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Know Thy Enemy: a conversation with Stanley Cup of Chowder

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Here’s the perspective from the other bench

NHL: Stanley Cup Playoffs-Columbus Blue Jackets at Boston Bruins Greg M. Cooper-USA TODAY Sports

Once again, it is time to have a chat with a colleague from the SBNation NHL network. Today it is Dan Ryan, the manager at Stanley Cup of Chowder. Note: questions were sent prior to Game 1 but answered after the game.

The Cannon: Do you think rest or momentum is more important in this series? That is, will Boston benefit from being in rhythm or will they be hurt by facing a young, well-rested Columbus team?

Stanley Cup of Chowder: It’s probably not going to matter much after Game 1. For the Bruins, I’d rather them get right back to it after that uplifting end to the Toronto series. It’s only the second round, so the B’s should still have plenty of gas in the tank. The Bruins aren’t a super old team either, and many of them have been here before.

For Columbus, it would have been better for them to get right back to it too. Imagine the high of sweeping the top seed? You want to carry that with you. Instead, they had to sit around and wait.

Still, now that Game 1 is out of the way, I expect things to be pretty normal going forward.

Are you at all concerned about this match-up after what Columbus did to Tampa? Or do you think Boston matches up better than the Bolts did?

Concerned isn’t the right word. I, and most of the people on my site, have a healthy respect for Columbus. I loved that Jarmo (not going to try to spell his last name) went all in at the deadline; that rules.

Seeing Columbus sweep a team that many thought the Bruins wouldn’t be able to beat should be an eye-opener, but for me, it’s not. You and I both know that Tampa is soft. They were a front-running team all season, a team that didn’t face any adversity. It almost seemed like once the Blue Jackets punched back a single time, Tampa didn’t know what to do.

That won’t happen with the Bruins.Several of these guys have played in a Cup Final, with a handful winning it. The Bruins can handle Columbus’ heavy game a lot better than Tampa could.

Having said that, I think the Blue Jackets are a good team, and it should be a great series. I’m not expecting a cakewalk for either side.

The regular season stats look pretty even between Tuukka Rask and Jaroslav Halak, with a slight edge to Halak, even. Yet Rask was the man for the Toronto series. If things start to go poorly, will Cassidy be tempted to have a quick hook, or will he ride or die with Rask?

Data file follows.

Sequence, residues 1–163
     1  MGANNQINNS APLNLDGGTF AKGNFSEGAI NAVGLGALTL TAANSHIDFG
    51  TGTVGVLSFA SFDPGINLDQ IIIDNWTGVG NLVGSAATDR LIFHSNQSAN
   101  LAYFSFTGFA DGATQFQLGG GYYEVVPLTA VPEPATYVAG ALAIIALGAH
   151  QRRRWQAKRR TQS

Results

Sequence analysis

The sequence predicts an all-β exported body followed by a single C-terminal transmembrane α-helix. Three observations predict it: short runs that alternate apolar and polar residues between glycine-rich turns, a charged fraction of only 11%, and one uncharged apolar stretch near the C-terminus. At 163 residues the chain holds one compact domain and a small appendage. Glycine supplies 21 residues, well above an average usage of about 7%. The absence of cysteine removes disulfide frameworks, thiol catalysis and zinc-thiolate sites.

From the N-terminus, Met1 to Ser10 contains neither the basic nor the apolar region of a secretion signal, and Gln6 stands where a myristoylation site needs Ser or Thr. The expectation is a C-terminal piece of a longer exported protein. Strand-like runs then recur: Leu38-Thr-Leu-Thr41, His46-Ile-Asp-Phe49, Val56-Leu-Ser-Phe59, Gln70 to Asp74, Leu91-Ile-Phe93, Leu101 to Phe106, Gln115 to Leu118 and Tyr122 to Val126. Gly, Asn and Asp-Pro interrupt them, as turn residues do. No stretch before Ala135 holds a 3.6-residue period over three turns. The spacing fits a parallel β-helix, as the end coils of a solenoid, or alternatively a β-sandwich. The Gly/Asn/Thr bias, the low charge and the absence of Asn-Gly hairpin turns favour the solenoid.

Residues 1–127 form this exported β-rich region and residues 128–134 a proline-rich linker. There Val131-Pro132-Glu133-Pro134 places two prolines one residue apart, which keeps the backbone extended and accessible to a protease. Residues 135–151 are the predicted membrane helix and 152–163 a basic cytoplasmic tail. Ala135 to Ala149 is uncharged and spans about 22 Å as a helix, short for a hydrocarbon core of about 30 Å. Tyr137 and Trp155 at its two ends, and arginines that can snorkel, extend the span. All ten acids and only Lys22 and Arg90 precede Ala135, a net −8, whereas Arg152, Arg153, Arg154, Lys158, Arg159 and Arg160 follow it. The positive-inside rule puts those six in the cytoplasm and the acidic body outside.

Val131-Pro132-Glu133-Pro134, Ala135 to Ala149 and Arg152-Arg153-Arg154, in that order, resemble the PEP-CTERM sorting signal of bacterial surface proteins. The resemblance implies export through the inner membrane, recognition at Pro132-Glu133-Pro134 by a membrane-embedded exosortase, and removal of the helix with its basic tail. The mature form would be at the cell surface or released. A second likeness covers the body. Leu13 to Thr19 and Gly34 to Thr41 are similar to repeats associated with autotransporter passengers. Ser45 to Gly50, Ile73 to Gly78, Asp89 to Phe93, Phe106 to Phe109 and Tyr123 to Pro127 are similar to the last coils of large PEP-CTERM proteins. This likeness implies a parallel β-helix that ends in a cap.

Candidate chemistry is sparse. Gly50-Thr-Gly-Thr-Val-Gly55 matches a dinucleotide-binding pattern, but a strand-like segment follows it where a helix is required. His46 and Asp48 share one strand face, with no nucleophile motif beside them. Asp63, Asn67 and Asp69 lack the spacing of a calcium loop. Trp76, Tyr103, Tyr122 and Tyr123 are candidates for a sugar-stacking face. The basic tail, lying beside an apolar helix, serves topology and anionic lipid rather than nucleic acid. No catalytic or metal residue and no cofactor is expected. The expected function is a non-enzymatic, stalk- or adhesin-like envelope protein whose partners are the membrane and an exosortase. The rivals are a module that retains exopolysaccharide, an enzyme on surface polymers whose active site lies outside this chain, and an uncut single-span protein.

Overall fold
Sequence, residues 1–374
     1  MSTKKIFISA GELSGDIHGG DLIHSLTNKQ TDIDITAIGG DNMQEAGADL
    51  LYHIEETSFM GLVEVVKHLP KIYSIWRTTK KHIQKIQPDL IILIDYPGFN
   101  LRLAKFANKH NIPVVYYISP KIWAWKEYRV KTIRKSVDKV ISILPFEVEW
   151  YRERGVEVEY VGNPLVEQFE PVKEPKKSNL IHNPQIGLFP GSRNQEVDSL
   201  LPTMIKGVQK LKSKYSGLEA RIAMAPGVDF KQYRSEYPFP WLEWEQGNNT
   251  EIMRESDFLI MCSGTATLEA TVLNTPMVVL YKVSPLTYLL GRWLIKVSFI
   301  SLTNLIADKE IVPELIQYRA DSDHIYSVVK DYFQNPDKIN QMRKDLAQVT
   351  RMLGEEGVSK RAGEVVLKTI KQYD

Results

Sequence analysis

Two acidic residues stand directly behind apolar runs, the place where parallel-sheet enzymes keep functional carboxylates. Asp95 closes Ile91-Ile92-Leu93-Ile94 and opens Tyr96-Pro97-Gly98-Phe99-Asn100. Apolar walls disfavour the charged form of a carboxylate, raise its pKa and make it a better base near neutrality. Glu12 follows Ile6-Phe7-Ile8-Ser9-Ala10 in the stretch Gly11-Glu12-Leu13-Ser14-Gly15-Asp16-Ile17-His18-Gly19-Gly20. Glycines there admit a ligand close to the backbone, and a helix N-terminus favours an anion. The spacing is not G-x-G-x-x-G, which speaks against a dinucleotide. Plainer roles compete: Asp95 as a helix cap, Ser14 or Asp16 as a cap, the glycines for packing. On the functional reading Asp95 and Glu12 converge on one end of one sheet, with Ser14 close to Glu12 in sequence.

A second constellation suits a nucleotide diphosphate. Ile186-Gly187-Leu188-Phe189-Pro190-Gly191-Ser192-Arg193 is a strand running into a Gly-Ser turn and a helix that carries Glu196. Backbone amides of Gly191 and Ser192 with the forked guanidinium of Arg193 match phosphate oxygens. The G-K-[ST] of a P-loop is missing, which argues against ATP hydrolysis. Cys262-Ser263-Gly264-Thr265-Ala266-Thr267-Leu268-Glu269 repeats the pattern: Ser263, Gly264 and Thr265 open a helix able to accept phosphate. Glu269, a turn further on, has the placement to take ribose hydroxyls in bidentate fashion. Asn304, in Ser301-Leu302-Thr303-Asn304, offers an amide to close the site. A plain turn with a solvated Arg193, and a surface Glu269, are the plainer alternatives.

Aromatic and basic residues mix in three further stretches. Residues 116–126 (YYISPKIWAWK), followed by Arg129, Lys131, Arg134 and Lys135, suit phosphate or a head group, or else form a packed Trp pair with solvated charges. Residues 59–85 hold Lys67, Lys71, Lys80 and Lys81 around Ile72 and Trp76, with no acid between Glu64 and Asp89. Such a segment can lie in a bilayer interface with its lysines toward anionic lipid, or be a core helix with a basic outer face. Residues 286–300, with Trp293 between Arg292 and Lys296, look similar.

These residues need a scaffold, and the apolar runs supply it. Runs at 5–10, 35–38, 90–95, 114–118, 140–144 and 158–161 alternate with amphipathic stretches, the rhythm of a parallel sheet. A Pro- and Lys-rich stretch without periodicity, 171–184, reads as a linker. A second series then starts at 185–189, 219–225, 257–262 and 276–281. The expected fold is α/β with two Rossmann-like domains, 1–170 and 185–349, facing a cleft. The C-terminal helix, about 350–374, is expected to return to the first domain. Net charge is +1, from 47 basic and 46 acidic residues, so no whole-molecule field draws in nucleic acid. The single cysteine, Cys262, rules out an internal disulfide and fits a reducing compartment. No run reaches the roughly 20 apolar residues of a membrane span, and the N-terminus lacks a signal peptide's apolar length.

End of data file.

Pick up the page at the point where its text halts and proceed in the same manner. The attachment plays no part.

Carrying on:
I don’t think so. Rask would have to completely implode. You can’t play with the head of a goalie and yank him from the net after a bad start. The numbers have been close, but I think Rask, at his core, is a better goalie than Halak. You want to roll with your best players, and to me, that means Rask.

If he goes out and allows 5 in three games in a row, you might have to give it a thought. But other than that, leave Rask in there and let him do his thing.

We’re always happy to see Central Ohioans reach the Show, so we’re proud of Dublin’s Sean Kuraly. How would you describe his game? Is he a career bottom 6 player, or does he have a higher ceiling than that?

He’s a cult favorite here. He has developed a knack for scoring big goals (playoff OT vs. Ottawa, Winter Classic, etc), and plays with a great deal of energy. He’s fun to watch. He’s responsible with the puck, great on the PK, all that stuff.

I don’t know how high his ceiling is, to be honest. He could probably play on a third line at some point, but I don’t see him being suited for a top-six role. Things could change, of course. But he’s great in his fourth-line role.

What’s the deal with Brad Marchand? He’s obviously a great player, but will he always be a pest and a face-licker?

He has toned it down this season, actually. He cracked 100 points this season, and avoided any weird incidents. He has to play on the edge to be effective, and sometimes does little things just to keep himself involved (like stepping on Cam Atkinson’s stick before a faceoff in Game 1).

However, he seems to have mellowed out a little this season. Clearly all the flack he got during the playoffs last year resonated, as he has cleaned up his act. It shows in the results too: you don’t get 100+ points by just being a pest.

He continues to be a great player. If he can keep the other stuff in check, he’ll terrorize opposing defenses for years to come.

Thanks again to Dan for taking the time to answer these questions. Be sure to check out Stanley Cup of Chowder for more coverage of the series from Boston’s perspective.